I need to cull some tomato sproutlings so perhaps some will rise to production -- it seems the ones left to rot last fall are germinating large quantities of sprouts. Strawberries we've planted this year are producing a few good berries (and sweet!) but I guess it takes a few years for them to really get going. The blueberry bushes I planted went from green to half-yellow after planting a month ago and seem to be holding, they aren't growing, but not dying. Not sure what to do with them.

User avatar
Isgrimnur
Posts: 61956
Joined: Sun Oct 15, 2006 12:29 am
Location: Chookity pok
Contact:
Isgrimnur’s avatar
Offline

Re: The (New, Maybe Improved) Gardening Thread

Post by Isgrimnur » Tue May 29, 2018 1:21 pm

Can someone get us a JeffV reality show, please?

Jeff V
Posts: 31677
Joined: Fri Oct 15, 2004 7:17 pm
Location: Nowhere you want to be.

Re: The (New, Maybe Improved) Gardening Thread

Post by Jeff V » Tue May 29, 2018 2:02 pm

For reasons unknown to us, the baby is inexplicably adverse to red meat. She will eat almost any sort of vegetable matter though and is a huge fan of fish. I have a cute video of her meticulously picking apart and eating bok choy for breakfast a few weeks ago.

Jeff V
Posts: 31677
Joined: Fri Oct 15, 2004 7:17 pm
Location: Nowhere you want to be.

Re: The (New, Maybe Improved) Gardening Thread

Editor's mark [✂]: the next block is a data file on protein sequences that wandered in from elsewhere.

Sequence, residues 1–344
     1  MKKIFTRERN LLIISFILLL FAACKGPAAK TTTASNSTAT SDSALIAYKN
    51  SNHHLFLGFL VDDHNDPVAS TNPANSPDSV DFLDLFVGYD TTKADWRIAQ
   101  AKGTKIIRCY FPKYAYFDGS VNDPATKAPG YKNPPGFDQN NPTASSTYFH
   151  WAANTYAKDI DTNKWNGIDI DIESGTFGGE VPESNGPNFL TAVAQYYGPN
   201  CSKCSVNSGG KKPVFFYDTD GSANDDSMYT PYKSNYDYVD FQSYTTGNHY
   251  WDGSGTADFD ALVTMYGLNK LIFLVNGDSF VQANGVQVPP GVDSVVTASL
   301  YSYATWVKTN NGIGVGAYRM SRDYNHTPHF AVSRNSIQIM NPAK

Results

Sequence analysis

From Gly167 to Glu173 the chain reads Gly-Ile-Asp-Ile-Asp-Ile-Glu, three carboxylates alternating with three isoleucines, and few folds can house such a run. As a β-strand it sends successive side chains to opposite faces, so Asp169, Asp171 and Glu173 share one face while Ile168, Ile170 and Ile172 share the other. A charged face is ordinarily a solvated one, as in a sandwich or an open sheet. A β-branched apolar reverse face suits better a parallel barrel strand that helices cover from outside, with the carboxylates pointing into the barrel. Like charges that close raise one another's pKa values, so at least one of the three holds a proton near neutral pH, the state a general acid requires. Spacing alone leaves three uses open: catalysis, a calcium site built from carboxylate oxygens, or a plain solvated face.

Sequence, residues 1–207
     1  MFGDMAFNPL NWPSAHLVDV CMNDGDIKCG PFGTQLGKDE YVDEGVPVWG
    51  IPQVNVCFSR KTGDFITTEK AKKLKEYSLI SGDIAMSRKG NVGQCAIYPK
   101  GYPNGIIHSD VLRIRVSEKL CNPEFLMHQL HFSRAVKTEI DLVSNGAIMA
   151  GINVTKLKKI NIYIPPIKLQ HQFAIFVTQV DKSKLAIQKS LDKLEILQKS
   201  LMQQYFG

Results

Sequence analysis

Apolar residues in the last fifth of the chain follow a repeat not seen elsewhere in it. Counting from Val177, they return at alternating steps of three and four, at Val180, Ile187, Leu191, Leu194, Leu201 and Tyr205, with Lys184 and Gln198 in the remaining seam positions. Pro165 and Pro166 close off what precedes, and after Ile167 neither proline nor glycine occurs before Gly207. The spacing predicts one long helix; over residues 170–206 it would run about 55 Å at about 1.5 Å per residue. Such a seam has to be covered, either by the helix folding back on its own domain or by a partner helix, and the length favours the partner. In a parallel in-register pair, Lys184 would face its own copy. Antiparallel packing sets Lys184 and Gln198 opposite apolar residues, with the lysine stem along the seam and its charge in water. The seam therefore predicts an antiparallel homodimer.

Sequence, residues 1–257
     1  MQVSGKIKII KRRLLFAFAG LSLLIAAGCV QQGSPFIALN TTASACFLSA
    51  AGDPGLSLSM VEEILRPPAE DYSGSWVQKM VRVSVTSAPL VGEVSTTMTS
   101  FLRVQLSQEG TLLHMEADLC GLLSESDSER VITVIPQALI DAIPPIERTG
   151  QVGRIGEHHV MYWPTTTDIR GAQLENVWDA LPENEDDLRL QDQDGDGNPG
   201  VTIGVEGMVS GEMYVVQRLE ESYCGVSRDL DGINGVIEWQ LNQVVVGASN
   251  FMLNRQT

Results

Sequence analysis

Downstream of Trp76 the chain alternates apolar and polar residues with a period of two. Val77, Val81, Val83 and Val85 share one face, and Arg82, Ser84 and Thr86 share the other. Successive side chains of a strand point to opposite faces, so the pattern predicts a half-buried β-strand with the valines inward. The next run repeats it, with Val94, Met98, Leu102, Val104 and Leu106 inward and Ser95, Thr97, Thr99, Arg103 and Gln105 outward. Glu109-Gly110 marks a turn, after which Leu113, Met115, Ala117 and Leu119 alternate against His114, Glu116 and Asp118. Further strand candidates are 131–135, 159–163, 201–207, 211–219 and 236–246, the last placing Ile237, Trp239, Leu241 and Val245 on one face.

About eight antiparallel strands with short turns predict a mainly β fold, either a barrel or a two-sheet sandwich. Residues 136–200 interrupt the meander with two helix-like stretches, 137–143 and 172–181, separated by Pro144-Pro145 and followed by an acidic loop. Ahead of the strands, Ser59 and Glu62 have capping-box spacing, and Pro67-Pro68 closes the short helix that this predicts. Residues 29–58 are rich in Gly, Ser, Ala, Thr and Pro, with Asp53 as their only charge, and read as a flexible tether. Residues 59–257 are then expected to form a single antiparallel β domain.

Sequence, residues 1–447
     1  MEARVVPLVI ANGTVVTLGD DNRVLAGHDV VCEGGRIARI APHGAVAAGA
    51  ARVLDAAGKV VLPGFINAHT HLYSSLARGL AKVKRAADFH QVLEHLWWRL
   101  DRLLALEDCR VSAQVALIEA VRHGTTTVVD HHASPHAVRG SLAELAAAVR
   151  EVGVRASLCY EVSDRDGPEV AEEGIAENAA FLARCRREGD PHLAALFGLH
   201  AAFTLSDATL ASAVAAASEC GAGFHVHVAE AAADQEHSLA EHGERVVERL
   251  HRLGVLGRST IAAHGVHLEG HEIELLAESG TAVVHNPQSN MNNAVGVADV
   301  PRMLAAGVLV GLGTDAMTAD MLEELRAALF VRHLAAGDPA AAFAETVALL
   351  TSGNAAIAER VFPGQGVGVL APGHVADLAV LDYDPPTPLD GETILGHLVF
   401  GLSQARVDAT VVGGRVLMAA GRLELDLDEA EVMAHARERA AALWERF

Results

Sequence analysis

Post by Jeff V » Sat Aug 18, 2018 9:45 pm

So how's everyone's harvests so far?

We've been harvesting cucumbers, cherry tomatoes, grape tomatoes, plum tomatoes, a few large (beefsteak?) tomatoes that have dark red and super sweet flesh, okra, lemongrass, jalapenos, anaheim peppers, chard, basil, rosemary, scallion, chives, flat parsley (it massively bloomed and there is almost no usable leaves left...last year, it survived the frost and i was still harvesting leaves in November). I think my wife planted late zucchini...there are large yellow blossoms now, there's about 2 more months for them to come to anything.

Blueberry and raspberry plants that I bought this year didn't amount to anything. Maybe next year I'll procure more mature plants. I planted 2 strawberries in the spring, while they haven't born fruit since shortly after planting, they are running amok and taking over much of the herb box (4x4).

The cherry, grape tomatoes have been producing faster than we can use/give away. Today I cooked down a whole bowl of them and made some excellent pasta e fagioli, mostly using garden veggies.

In non-garden agriculture, my front flower garden and lawn appears to have been invested with voles. I've put some mouse traps out today, hopefully I'll wipe them all out.

User avatar
Kraken
Posts: 34439
Joined: Tue Oct 12, 2004 11:59 pm
Location: The Hub of the Universe